You’d be hard-pressed to find a tougher survival situation than the dead of winter. Freezing temperatures make finding and storing water especially difficult. Bursting bottles, scarce supplies, and the dangers of dehydration are around every corner. Below, are some of the best ways to get and store drinkable water in the winter wilderness.
Important: Don’t Eat the Snow
I want to lay down one cardinal rule before we get too far. Do not eat the snow! A bite of fresh snow may not hurt you in everyday life, but in a survival situation, it’s best to avoid. Eating snow can drastically lower your core temperature making hypothermia a real possibility in a survival situation.
In addition, snow has been shown to collect a significant amount of toxins and pollutants from the environment. I’ll get more in-depth about why you shouldn’t eat snow in a survival situation in a few minutes.
Where You Can Find Water in a Winter Wilderness
Water shortages pose a major problem in all survival situations. However, winter makes staying hydrated even tougher. In fact, it is easier to become dehydrated in the winter than it is in the summer. This is because the human thirst response is diminished by up to 40% in the winter. This means you can become severely dehydrated and not even realize it!
So you know you should be drinking water but you’re freezing, surrounded by snow, and you don’t want to eat it because it’ll just make you colder. So, what do you do?
1. Collect Condensation from Inside Your Shelter
Even though it’s cold and you’re not sweating as much, you’re still constantly losing water. Your breath is the primary way you lose water in the winter. Your body heat and breath will eventually create condensation.
A properly constructed lean-to or small tent is primed and ready to be a water collection structure by collecting condensation. Angle plastic sheeting or plastic bags on the inside of your roof. If you are in a tent with air vents at the top, cover the vents with plastic. This can help keep your body heat inside and allow you to direct condensation down and into a clean bowl or pot.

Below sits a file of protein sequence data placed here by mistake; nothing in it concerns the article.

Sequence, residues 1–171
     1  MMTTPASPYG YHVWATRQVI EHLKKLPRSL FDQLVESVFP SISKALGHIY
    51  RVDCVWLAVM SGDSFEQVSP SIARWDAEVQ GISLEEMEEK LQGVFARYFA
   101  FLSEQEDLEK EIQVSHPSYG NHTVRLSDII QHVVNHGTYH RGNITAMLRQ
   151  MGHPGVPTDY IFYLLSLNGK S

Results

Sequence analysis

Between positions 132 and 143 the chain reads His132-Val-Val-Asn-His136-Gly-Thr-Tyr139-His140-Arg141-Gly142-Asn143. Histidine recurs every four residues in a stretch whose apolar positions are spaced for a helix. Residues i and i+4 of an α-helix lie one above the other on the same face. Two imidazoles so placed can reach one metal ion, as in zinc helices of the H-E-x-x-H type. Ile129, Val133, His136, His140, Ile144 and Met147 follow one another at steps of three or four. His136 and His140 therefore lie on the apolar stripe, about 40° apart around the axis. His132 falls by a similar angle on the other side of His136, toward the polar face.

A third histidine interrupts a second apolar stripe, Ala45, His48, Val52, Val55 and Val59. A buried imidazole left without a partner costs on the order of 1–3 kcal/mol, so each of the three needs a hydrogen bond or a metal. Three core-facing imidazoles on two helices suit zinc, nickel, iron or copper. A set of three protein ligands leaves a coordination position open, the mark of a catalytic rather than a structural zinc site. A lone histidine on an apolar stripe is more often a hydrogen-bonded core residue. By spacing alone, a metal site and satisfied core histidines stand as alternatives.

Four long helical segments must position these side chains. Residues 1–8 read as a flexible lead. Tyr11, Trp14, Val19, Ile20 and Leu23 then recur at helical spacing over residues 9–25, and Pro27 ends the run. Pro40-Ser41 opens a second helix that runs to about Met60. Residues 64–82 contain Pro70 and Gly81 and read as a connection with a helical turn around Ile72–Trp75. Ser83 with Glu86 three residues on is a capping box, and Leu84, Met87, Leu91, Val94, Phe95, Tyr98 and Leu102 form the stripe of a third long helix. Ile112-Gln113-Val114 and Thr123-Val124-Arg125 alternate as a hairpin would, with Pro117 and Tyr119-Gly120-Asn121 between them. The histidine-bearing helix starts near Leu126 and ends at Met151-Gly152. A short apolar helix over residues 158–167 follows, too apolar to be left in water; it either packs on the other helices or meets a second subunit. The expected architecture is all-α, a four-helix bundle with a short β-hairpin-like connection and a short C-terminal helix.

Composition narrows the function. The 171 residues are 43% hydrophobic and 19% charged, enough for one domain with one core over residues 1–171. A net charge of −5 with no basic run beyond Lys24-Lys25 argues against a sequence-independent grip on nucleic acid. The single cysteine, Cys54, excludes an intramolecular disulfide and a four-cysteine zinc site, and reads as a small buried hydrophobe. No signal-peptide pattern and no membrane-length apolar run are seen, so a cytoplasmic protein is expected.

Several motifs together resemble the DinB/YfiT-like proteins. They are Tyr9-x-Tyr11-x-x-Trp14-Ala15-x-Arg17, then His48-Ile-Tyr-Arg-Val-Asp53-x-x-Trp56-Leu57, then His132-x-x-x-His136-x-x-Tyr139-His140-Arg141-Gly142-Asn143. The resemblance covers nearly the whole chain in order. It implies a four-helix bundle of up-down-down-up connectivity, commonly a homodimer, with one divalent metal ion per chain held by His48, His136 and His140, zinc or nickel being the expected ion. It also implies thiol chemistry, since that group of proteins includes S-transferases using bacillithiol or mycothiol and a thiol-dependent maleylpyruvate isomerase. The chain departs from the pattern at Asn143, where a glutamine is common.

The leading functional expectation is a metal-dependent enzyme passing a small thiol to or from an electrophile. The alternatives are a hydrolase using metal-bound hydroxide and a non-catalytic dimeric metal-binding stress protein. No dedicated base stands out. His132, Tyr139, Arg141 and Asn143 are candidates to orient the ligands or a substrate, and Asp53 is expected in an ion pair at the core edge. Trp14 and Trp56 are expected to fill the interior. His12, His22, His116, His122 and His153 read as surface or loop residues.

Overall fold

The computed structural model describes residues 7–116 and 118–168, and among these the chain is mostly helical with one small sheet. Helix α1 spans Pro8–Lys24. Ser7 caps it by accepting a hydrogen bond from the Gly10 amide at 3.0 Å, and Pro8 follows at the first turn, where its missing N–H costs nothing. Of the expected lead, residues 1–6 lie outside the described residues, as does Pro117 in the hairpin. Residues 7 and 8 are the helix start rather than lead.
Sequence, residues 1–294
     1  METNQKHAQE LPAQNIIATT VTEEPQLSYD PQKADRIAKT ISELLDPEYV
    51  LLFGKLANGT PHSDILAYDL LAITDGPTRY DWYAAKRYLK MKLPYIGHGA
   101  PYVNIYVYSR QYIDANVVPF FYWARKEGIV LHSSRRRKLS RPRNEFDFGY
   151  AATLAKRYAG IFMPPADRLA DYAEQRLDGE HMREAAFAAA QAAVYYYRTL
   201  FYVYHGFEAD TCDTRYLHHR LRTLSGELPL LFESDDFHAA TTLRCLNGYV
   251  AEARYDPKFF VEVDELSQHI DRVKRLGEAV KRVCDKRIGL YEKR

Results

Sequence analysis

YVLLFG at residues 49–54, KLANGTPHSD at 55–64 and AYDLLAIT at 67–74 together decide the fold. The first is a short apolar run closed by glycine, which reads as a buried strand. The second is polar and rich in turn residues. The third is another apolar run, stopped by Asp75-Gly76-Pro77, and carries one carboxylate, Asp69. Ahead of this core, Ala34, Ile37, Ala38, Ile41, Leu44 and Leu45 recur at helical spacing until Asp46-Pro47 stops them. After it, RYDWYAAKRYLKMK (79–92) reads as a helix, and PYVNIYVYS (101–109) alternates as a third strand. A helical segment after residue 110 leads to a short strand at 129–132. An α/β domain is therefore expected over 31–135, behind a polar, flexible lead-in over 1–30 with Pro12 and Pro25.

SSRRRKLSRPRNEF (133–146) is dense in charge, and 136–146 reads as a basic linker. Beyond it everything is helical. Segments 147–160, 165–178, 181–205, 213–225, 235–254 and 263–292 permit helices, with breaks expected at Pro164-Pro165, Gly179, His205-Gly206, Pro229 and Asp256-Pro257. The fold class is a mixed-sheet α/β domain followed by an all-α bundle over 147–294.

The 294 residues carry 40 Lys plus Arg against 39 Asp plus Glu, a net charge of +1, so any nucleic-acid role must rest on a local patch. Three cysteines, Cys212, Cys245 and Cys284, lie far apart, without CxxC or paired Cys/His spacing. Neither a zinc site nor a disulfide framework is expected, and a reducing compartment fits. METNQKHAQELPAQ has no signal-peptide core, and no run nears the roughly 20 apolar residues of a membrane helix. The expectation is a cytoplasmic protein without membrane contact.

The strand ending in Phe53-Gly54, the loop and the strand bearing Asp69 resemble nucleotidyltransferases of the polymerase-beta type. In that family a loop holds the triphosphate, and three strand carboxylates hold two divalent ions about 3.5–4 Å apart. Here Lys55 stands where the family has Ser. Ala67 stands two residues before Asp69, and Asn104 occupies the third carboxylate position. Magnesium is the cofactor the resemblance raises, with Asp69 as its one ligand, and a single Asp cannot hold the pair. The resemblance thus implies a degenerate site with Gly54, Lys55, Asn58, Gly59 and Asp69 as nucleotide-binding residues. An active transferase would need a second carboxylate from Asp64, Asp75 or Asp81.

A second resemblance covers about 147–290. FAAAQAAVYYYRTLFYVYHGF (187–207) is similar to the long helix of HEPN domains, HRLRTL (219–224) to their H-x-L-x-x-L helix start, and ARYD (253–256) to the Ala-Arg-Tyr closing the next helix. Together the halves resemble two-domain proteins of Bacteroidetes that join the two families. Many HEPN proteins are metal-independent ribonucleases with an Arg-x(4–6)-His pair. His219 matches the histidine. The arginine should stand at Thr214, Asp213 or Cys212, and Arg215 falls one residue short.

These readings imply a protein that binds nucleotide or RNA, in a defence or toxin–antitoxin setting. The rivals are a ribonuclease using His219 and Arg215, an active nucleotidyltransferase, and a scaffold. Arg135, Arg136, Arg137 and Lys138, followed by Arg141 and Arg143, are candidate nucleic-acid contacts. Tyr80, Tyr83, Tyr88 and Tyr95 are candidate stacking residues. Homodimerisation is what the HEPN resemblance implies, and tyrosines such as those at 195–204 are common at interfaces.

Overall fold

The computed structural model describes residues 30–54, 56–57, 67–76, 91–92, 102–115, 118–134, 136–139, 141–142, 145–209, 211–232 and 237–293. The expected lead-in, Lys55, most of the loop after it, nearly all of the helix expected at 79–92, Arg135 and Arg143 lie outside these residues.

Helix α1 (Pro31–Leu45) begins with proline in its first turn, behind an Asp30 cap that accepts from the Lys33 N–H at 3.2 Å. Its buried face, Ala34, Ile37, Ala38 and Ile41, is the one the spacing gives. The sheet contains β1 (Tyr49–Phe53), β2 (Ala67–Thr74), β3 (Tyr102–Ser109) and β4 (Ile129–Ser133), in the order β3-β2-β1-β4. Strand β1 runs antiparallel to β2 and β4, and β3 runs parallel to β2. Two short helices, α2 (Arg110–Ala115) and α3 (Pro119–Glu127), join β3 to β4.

“Smaller areas are faster to heat up, easier to keep warm, and will collect the most condensation.”
– Charles Hamilton (SuperPrepper.com)
Keep in mind that the size, shape, and location of your shelter will have major effects on your success. Experiment with various angles to find the sweet spot for your specific shelter. You don’t want the plastic angle too shallow or the condensation will freeze before it reaches your bowl. If the angle is too steep, you risk condensation dripping onto you while you sleep.
Smaller areas are faster to heat up, easier to keep warm, and will collect the most condensation. If your shelter is quite large, section off your sleeping area to make the most of your collection efforts.
2. Purify Your Urine for Drinking
It’s not the most pleasant thought, but when survival is on the line, you need to get safe drinking water from any source available. There are ways you can make urine safe to drink, and I’ve covered many of them in the article, Drinking Urine in Survival Situations already.
Distillation is your best bet in winter, however. Distillation involves heating your urine to boiling, then collecting the vapors. This is similar to the condensation collection method above, except you’ll need to burn some fuel to make this work. Since you’ll be using precious fuel to boil your urine, you should use the same fire to cook some food, dry your clothes (catch the water vapors!), and warm your shelter, too.
3. Look for Running Water in Streams and Rivers
If the water is moving, you don’t need to melt it. That’s one less step and a lot less fuel you’ll need to burn. You may need to break through a layer of ice on top, but deeper water sources usually stay free-flowing underneath.